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WHO Details What Separates Gaming From Addictive Gaming as Disorder Closes on Recognition

The World Health Organization may soon recognize “gaming disorder” as an addictive disease, according to an official news release.

The addition comes with the new release of the World Health Organization’s (WHO) International Classification of Diseases (ICD). Other additions include a chapter on sexual health topics, such as “gender incongruence” and a chapter on traditional medicine, which is used globally but has never been classified until now.

The ICD identifies health patterns and statistics across the globe, providing a common code for over 55,000 injuries and diseases. WHO general director, Dr. Tedros Adhanom Ghebreyesus explained the significance of the classification in the news release.

“The ICD is a product that WHO is truly proud of,” says Dr Tedros Adhanom Ghebreyesus, WHO Director-General. “It enables us to understand so much about what makes people get sick and die, and to take action to prevent suffering and save lives.”

The inclusion of gaming disorder has received a number of media inquiries, according to Dr. Shekhar Saxena, the director of the WHO’s Department for Mental Health and Substance Use.

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“Let me remind the audience that gambling disorder was already there in [the current ICD], but gaming disorder is a new entrant,” Saxena said at the press briefing on Monday, held in Geneva.

“WHO has been working in this area and reviewing the evidence for the last several years, so it’s not a sudden decision,” Dr. Saxena emphasized. “This decision has been there for some time based on full review of global evidence as well as consultation with experts from all regions of the world, recognizing that such a disorder exists and the disorder has a public health significance, and countries need to start planning for prevention and treatment.”

Saxena finished the explanation of the new disorder by noting that everyone who “engages in gaming” does not have gaming disorder, but it is a “small minority” that healthcare providers need to be aware of.

The symptoms of gaming disorder as defined by the ICD give a guideline of how serious the behavior needs to be to be classified as a “gaming disorder.”

First, the disorder consists of recurrent and consistent gaming behavior in which the subject shows “impaired control” with consideration to the factors of “onset, frequency, intensity, duration, termination, [and] context.”

So from the sound of it, a “Fortnite” binge of several hours with friends every once in a while isn’t too concerning, unless it is reaching a disturbing frequency or the intensity of play is so high that the subject is neglecting other responsibilities. The definition further notes that “increasing priority given to gaming to the extent that gaming takes precedence over other life interests and daily activities” is the next symptom.

Gaming disorder is further classified as an addictive disease so intense that the subject continues the behavior pattern in spite of negative consequences, such as impairment in social relationships, school, work, or if it impacts other “important areas of functioning” — likely referring to basic needs such as eating, sleeping, and hygiene.

With gaming now more accessible than ever, on mobile devices and with an abundance of popular free-to-play games available, it’s not too surprising that gaming addiction is on the rise. For a diagnosis of gaming disorder, the behaviors usually must be observed over a period of 12 months unless the symptoms are more apparent and severe enough to meet the diagnostic requirement.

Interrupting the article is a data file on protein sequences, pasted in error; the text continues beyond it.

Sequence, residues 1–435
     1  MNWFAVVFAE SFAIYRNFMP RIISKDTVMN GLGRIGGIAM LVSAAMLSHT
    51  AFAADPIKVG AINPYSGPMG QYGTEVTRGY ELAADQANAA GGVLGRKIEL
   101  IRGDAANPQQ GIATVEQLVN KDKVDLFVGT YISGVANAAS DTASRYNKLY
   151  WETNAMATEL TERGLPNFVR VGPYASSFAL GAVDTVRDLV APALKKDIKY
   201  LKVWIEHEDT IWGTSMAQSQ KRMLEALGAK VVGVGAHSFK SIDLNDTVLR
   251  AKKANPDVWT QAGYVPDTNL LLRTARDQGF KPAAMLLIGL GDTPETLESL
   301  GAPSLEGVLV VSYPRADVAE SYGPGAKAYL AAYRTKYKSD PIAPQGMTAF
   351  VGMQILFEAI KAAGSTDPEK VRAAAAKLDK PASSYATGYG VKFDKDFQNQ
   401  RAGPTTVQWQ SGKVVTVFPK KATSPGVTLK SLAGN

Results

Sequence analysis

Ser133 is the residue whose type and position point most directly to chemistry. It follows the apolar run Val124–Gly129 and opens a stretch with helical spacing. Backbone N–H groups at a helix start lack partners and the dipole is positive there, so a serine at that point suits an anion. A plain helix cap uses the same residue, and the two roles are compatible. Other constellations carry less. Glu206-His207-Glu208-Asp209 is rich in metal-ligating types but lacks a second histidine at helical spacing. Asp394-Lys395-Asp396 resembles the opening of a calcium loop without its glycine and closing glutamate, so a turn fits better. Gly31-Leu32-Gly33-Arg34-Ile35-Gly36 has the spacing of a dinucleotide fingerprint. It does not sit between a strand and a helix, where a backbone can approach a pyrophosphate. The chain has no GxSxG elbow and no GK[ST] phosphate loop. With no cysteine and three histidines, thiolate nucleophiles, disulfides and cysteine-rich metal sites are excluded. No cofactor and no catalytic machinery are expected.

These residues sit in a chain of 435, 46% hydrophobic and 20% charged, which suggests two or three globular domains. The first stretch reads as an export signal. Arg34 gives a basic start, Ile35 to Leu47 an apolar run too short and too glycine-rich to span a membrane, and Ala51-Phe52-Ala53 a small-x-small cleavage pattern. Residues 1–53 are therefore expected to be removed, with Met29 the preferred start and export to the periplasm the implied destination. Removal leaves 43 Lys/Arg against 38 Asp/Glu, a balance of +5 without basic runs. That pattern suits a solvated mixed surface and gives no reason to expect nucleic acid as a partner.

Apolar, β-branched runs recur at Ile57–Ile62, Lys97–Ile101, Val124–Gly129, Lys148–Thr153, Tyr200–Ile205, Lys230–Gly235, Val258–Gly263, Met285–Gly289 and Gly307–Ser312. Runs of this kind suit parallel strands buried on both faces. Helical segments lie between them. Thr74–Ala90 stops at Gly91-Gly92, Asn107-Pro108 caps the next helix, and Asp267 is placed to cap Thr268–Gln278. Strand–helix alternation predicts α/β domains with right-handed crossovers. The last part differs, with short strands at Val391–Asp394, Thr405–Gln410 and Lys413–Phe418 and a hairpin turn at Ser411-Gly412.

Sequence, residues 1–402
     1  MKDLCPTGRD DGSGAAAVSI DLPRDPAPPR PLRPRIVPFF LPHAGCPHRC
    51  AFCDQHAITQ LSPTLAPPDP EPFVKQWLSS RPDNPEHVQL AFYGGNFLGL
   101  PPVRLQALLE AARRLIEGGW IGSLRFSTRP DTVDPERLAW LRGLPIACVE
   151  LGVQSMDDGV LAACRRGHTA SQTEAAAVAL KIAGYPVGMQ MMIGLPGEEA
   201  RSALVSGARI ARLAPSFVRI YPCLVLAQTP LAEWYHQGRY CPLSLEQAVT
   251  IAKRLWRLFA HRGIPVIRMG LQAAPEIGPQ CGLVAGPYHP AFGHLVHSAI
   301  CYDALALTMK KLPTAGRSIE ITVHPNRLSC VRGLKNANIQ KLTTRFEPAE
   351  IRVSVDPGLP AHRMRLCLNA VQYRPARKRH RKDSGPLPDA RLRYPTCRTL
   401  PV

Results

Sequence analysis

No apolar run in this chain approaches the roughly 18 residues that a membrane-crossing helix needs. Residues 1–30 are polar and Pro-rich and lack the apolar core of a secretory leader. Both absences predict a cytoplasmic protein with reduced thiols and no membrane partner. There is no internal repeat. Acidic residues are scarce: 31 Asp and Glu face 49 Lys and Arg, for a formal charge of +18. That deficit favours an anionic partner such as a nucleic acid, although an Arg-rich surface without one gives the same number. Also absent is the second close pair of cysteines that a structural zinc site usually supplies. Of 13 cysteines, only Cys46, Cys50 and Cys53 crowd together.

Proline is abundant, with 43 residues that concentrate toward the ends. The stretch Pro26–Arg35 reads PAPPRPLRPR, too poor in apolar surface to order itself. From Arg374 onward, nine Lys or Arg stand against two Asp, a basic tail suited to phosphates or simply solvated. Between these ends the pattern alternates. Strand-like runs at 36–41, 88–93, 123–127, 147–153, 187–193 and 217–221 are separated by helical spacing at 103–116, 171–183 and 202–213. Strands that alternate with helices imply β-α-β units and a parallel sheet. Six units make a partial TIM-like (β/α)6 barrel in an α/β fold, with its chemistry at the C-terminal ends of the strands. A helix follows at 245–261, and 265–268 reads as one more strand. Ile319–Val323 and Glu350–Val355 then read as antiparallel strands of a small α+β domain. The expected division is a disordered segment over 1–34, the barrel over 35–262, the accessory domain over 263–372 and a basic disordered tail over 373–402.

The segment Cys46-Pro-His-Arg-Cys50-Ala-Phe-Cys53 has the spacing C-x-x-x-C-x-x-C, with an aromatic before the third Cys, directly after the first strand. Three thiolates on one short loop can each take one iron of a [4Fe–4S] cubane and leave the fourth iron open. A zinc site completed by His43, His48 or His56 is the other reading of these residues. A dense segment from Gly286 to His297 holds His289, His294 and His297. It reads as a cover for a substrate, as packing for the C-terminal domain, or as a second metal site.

The WHO will present the new ICD at the World Health Assembly in May 2019. If the ICD is adopted by the member states of the WHO, it will go into effect on Jan. 1, 2022. Though it was noted by Dr. Robert Jakob, team lead of classifications, terminologies and standards during the Q&A session of the press briefing that “in principle [countries] can start implementing [the new ICD] now.”

The 2022 date is the day by which official reporting must begin to the WHO regarding the implementation, though countries can choose to implement sooner, according to Dr. Jakob.

Variety reached out to WHO communications officer Christian Lindmeier, who noted that the WHO expects the new ICD to pass in May 2019, and this initial release is so that member states can “make comments on this implementation process” before 2019.

In regards to the possibility of gaming disorder treatment being covered by healthcare providers, Lindmeier stated: “Any implementation would always be done following national sovereignty, but it is a possibility, that health insurance providers could cover the treatment, as they do with other mental disorders.”

During the Q&A session of the press briefing, Dr. Saxena explained the possibility of treatment options and possibility of coverage for the disorder, noting that the new ICD is the “first step” in the process.

“[Research suggests that] there are some prevention interventions that can be done,” Dr. Saxena said. ” [Possible treatment options] are common with other interventions, for example, for substance use disorders, by which I mean alcohol and drug dependence, because [gaming disorder] is also a kind of dependence for which similar interventions, psychological as well as social, might be useful.”

Dr. Saxena further explained that there is no evidence for effective pharmacological treatment of gaming disorder as of now, but the inclusion of the disorder in the ICD could facilitate research in all types of treatment and preventive methods.

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